1 Big Reason You Need a Roth IRA

A Roth IRA is the most essential piece of your retirement savings strategy. And with just days remaining until the April 15 funding deadline, you're running out of time to take advantage. Let's look at the biggest reason you need to make your contribution. Then we'll uncover three stocks to consider for your contribution dollars.

Why the Roth is right
A Roth IRA lets you make contributions with after-tax dollars in exchange for tax-free income in retirement. Here's just how powerful tax-free growth is: Every single dollar you earn in a Roth IRA is a dollar that Uncle Sam will never touch. And when you diligently contribute money to a Roth IRA every year, you harness even more potential to compound that goodness.

If you aren't already up to speed on the eligibility rules and contribution limits, quickly review the Roth rules. Then hop back over here for three solid stock ideas.

Stock up your Roth IRA
Roth IRAs work their hardest for you when you have great stocks in your Roth IRA portfolio. I've found three companies that boast exciting growth prospects and competitive positions in their respective industries. And, as we'll see in a bit, owning these stocks in a Roth IRA grants you enormous potential to save a bundle on taxes.

eBay (NASDAQ: EBAY  ) With its strong consumer and merchant relationships, PayPal is the most valuable piece of eBay's payments business and is establishing itself as a leader in online payments. As the company transitions to point-of-sale solutions for brick-and-mortar stores, eBay will likely benefit as traditional retailers seek refuge from the growing online threat. eBay has also enjoyed robust growth in its Marketplaces business, which will likely continue with the increased use of mobile devices.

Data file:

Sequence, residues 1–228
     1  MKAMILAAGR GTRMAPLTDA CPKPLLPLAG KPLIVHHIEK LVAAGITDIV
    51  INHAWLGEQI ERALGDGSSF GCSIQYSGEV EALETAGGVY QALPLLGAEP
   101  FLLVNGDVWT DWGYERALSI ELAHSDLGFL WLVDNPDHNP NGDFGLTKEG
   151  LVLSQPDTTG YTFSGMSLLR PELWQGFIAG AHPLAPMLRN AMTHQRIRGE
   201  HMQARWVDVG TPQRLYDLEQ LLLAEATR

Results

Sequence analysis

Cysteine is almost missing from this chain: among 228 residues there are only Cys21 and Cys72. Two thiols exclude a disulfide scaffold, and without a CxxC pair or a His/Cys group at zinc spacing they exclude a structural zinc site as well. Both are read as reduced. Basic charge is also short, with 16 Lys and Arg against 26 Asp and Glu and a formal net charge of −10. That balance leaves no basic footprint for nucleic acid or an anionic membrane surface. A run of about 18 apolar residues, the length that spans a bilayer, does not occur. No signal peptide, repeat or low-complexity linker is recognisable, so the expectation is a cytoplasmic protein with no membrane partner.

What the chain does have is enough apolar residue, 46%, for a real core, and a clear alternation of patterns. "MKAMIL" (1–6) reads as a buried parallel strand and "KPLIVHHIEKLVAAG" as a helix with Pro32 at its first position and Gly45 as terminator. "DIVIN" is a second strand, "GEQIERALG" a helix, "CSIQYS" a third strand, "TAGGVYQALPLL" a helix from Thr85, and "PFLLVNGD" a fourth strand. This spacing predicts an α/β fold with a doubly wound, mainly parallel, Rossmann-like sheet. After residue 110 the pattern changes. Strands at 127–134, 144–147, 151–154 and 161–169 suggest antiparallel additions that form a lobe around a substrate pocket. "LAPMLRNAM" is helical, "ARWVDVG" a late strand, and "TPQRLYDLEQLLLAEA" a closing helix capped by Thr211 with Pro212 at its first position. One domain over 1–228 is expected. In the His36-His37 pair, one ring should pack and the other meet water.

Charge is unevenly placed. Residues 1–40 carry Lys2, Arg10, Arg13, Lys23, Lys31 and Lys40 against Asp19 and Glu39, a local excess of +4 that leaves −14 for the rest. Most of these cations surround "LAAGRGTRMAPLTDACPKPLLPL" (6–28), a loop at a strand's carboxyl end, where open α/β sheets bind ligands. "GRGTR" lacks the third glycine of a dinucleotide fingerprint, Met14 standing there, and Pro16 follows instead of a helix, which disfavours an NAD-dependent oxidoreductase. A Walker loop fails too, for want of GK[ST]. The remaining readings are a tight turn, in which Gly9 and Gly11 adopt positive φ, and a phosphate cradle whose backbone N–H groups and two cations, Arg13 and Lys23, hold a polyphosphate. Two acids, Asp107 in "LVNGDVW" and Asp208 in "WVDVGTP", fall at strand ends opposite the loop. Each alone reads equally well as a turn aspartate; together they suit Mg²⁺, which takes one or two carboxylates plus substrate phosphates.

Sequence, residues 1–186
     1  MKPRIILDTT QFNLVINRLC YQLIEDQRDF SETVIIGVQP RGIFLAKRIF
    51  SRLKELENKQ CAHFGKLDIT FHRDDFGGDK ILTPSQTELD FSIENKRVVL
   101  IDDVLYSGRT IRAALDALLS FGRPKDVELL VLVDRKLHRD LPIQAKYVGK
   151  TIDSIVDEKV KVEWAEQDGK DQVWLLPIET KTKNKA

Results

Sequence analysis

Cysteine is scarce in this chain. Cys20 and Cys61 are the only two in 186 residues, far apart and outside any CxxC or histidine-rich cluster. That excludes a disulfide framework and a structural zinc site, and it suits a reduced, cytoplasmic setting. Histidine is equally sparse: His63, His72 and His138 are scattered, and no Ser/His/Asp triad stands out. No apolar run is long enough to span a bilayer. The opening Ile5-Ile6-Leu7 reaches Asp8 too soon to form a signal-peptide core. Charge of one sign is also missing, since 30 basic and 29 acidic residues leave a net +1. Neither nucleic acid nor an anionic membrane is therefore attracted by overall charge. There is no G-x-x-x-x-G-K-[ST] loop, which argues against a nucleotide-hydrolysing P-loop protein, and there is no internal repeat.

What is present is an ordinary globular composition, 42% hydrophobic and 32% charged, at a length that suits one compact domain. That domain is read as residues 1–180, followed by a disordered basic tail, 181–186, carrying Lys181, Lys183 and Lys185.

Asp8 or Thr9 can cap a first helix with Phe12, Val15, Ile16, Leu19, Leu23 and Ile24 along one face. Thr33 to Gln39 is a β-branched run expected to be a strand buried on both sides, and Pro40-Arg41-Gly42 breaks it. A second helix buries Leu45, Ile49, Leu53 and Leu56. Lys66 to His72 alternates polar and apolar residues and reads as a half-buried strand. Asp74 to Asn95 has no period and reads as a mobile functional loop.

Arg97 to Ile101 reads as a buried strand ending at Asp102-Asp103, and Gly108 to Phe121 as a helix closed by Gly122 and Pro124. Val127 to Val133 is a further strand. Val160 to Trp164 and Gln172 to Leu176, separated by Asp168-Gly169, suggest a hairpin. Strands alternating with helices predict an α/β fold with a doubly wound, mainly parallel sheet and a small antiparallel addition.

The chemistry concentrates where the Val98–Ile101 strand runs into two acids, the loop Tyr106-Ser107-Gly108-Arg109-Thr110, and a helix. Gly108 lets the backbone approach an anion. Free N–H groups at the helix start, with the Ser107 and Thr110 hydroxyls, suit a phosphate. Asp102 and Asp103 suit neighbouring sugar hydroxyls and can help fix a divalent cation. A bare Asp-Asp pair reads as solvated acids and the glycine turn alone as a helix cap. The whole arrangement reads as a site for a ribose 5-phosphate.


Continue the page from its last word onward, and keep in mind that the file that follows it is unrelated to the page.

Now to the power of a Roth IRA: If you'd invested $5,000 in eBay stock a decade ago, it'd be worth $12,435 today. However, had you done so within a Roth IRA, you wouldn't need to pay a penny of the $7,435 gain to Uncle Sam. That's a tax savings of $1,115, assuming a 15% maximum capital gains rate.

Chipotle Mexican Grill (NYSE: CMG  ) With its unwavering focus on quality and local food sourcing, Chipotle has exhibited fiery growth during the past several years. Nearly every Chipotle restaurant is located in the U.S., representing a huge opportunity for international expansion. Even though its higher prices and more selective menu limit its customer base, this hasn't posed a problem for the burrito maker. Consumers crave even more. Chipotle is answering by rolling out a catering service and new restaurant concepts.

Had an investor plunked down $5,000 in Chipotle stock within a Roth IRA on the stock's January 2006 IPO date, that individual would have saved $4,840 in taxes based on a 15% capital gains rate.

Qualcomm (NASDAQ: QCOM  ) Next-generation mobile networks are based on a technology developed by Qualcomm. By holding the patents on this technology, the company collects royalties from smartphone and tablet makers, like Apple, who use it. And Apple's adoption of Qualcomm chips in its iPhone has helped the company jump in the chip sales rankings and represents a growth driver for Qualcomm. Qualcomm provides shareholders a unique opportunity to invest in the entire mobile trend without having to bank on one particular device manufacturer.